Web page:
Presentation on theme: "… for: Study Sleep Socialising Work (paid) Eating Travel Relaxing."— Presentation transcript:
… for: Study Sleep Socialising Work (paid) Eating Travel Relaxing
There are 168 hours in any week. So how many hours should be spent on study and course work ? 27% = 45 hours – according to Payne and Whittaker’s (2000) study.
One survey suggested that 2 extra hours for every hour spent in scheduled lectures per week was necessary to achieve the best results (University of York 2002).
Weekly study time on six modules = 50 hours Less class time = 15 hours Independent learning = 35 hours This roughly corresponds to the 2:1 ration suggested by (Univ. of York 2002).
This is why >
Task MondayTuesdayWednesdayThursdayFridaySaturdaySunday 3. Weekly Task Scheduler (downloaded from Microsoft Office OnLine)
PRIORITY Important Pending
Importance of allocating available time to priority & important tasks … … need for a weekly schedule or overview of study tasks Importance of having clear and realistic study targets for each day
… so what’s the problem ?
Three Big Time Management Issues for Students PERFECTIONISM Trying to get things perfect: causes tasks to stack up PROCRASTINATION Putting off starting until the last minute POOR PLANNING: Problems with planning ahead & balancing tasks
80% of the outputs come from 20% of the inputs Pareto’s Law – 80/20 Rule
A study by O’Brien (2002) suggested that over a third of students feel that procrastination is a problem for them. Burka and Yuen (1983), suggested that procrastination often emerges as a means of distancing oneself from stressful activities, and that the most difficult tasks are often put to one side mentally until the last possible minute.
Procrastination is the deferment or avoidance, without good reason, of an intended or scheduled task until later. The word has its origins in latin: pro-(forward) and crastinus (of tomorrow).
Procrastination factors related to academic study: Aversion to the task In proportion to the importance of the task to overall success and failure on a course. Where this is not vital, incentives and rewards are weak.
Aversion to the task - Develop motivation Find a personal engagement with subject … … how can I use this idea ? … what’s significant in this for me ? Why have I found this difficult in the past ? … … how is this different now ? If I had to explain this to others simply, how would I best summarise it for them ?
Depression or mood-related “Just not in the mood now, but will be later …” -O-OK, even healthy, in moderation, providing it’s not a regular response, concealing other negative life factors … -…-… recurrent difficulties require significant self-awareness and resourcefulness, or external support.
Time planning issues - Difficult to gauge time needed for academic tasks - Can underestimate and defer tasks - Second language issues can compound this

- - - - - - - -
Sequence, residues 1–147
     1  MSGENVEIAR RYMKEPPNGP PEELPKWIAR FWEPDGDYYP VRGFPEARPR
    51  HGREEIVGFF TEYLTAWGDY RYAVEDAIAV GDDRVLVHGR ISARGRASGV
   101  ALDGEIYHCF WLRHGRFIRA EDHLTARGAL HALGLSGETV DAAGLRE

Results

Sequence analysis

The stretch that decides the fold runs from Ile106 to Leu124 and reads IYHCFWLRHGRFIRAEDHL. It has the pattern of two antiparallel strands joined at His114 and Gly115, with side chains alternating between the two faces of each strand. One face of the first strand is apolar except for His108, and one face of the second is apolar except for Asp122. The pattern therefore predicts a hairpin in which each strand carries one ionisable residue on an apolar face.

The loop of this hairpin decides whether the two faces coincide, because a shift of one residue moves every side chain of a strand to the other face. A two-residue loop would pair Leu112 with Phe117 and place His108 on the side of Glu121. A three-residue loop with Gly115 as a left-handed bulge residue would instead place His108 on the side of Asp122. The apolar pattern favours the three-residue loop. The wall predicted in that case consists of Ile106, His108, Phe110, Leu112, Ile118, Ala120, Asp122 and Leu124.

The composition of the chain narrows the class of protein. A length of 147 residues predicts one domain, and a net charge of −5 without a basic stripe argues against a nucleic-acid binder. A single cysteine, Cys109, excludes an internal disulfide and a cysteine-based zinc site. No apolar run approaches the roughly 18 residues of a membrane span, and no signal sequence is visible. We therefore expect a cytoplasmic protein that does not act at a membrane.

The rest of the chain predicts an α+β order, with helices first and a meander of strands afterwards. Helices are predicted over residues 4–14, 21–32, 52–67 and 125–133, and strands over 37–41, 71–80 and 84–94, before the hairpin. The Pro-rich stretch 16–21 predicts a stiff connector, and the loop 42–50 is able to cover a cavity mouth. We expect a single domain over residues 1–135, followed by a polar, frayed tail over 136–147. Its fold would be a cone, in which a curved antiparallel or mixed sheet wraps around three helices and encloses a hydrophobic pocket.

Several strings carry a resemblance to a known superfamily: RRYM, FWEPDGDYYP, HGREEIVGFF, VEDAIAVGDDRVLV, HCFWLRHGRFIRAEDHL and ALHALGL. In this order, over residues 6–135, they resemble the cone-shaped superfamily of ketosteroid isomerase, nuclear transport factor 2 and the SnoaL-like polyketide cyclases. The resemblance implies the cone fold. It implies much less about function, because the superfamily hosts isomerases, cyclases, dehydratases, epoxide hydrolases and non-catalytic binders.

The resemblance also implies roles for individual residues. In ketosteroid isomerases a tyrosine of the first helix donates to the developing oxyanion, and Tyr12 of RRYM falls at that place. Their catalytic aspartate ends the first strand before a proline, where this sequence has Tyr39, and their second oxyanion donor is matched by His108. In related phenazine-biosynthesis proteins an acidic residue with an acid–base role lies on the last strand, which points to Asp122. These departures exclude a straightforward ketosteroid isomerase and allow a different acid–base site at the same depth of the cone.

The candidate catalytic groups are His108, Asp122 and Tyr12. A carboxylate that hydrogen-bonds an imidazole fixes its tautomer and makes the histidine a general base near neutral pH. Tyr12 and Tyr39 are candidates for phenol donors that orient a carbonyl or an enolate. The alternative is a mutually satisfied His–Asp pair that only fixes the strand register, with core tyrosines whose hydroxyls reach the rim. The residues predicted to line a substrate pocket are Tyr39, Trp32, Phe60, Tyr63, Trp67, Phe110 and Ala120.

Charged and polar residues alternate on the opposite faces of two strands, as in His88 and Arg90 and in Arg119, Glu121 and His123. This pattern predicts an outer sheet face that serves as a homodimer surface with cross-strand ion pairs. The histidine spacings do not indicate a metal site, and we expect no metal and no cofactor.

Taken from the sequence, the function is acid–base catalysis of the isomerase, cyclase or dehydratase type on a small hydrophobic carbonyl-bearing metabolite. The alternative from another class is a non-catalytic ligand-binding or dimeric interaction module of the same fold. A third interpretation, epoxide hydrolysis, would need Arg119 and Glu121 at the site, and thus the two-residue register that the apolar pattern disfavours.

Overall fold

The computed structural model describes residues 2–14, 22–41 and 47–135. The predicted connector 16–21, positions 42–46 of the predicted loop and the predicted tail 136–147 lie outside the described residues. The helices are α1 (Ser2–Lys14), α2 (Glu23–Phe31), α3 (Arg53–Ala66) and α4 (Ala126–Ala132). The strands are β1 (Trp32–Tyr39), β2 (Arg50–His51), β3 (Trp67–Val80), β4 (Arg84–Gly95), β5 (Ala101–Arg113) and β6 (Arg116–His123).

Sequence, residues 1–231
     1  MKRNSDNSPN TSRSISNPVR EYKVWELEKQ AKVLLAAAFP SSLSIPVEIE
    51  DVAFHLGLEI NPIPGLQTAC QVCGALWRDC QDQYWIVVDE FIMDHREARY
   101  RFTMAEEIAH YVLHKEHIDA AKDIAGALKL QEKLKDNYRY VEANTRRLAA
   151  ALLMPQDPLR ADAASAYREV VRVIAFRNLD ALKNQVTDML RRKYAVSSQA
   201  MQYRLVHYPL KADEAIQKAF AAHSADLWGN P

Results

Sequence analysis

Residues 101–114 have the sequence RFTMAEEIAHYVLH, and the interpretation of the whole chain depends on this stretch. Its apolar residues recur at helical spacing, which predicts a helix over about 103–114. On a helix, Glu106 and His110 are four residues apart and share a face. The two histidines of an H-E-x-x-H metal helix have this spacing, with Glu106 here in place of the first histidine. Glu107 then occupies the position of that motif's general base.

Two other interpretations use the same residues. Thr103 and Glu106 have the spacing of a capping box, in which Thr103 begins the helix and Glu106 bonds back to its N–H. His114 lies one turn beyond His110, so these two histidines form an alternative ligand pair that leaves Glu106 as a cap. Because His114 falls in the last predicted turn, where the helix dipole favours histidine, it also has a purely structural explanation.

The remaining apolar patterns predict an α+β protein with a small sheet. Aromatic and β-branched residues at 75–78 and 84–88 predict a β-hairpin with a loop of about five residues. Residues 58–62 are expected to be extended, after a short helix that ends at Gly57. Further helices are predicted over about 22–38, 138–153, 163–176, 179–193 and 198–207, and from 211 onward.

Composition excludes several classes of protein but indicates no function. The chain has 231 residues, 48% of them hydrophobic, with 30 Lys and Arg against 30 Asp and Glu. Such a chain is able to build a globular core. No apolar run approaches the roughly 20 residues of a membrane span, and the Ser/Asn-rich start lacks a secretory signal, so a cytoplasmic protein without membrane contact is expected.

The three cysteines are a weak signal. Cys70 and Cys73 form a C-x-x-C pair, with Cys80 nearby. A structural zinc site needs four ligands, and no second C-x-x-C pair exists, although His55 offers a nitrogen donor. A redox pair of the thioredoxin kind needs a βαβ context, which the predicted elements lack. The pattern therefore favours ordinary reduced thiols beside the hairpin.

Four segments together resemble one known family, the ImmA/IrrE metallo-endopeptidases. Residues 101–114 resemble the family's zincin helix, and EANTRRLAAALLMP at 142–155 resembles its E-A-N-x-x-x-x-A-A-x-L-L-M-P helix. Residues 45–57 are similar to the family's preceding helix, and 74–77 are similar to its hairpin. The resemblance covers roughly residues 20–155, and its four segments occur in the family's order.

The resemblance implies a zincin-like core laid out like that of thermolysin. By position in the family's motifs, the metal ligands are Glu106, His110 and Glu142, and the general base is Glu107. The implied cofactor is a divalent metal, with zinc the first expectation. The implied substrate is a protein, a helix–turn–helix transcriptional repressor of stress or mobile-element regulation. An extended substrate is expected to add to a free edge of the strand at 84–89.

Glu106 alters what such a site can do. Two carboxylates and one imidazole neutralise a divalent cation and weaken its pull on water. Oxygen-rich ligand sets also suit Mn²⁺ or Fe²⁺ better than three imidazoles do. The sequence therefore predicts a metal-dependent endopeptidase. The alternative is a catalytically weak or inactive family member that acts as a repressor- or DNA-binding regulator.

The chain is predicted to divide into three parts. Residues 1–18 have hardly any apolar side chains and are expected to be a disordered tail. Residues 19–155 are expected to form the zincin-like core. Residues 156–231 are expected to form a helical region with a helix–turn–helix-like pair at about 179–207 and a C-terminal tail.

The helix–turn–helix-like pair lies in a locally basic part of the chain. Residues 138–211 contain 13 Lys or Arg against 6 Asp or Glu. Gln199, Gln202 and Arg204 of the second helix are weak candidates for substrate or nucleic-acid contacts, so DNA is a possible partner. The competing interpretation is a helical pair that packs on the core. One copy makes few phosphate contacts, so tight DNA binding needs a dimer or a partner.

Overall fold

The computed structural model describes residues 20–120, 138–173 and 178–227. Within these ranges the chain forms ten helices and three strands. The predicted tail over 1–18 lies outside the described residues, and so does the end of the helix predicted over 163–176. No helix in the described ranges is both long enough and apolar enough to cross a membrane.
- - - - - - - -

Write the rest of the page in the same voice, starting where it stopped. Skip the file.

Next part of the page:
Time management issues: - Allow more time for assignments … - … draft, leave, edit, redraft - Simple, realistic, daily goal-setting - Link short-term priorities to long-term goals - Lower your expectations ?
THINKING ABOUT WHEN TO STUDY When planning time to study, many students think of identifying lengthy blocks of study time e.g. 7pm-10pm in the evening. Study time does not have to be organised in such a way that it dominates every evening. BE Focused with your time – Work Hard so you can enjoy free time better…
New Lap Tops: loan out – work quietly Free room allocation Common Room AKA Group Work Room Silent Study Room Learning conversations Independent Study Lesson Times More time to relaxing at home or paid work
Impulsiveness and distractions - Occupied with desires of the moment - Immediate gratification - Stronger the attraction, greater the distraction Blatt and Quinn (1967)
Impulsiveness / distractions - Long term vision - ‘Unpleasant’ tasks first - Short tasks / short term rewards - Involve others in pay-offs - Mix active / passive work e.g. reading - Study groups sharing research teaching learning
Other students around you are doing or saying things that appear to be more interesting You are struggling to make sense of a subject you find either difficult or irrelevant You feel the subject is presented (in text books or lectures) in an uninteresting way You are not sure what is expected of you You do not like to be still or seated for too long You are not making notes as you read
Just say No! & say to yourself A trigger word/s like “Focus” or “Come On” Like the top sportspeople
Start with the unpleasant tasks first. Set yourself a time limit for reading. Use active reading techniques. Relate the subject to your real world. Dismiss most texts that you find hard to follow.. Find somewhere quiet to study – free of distractions, unless actively seeking group- work (check free room list in 6 th form office) Keep your working area clear of clutter.
The number of daily tasks scheduled should be manageable for any one day otherwise you will inevitably get stressed. Be fair to yourself – don’t give yourself more daily tasks than you can realistically manage.
You MUST reference all sources of information i.e. “blah blah blah” Information taken from (2011) and the author’s name if applicable.www.btecinformation.com You MUST NOT copy information from any source without referencing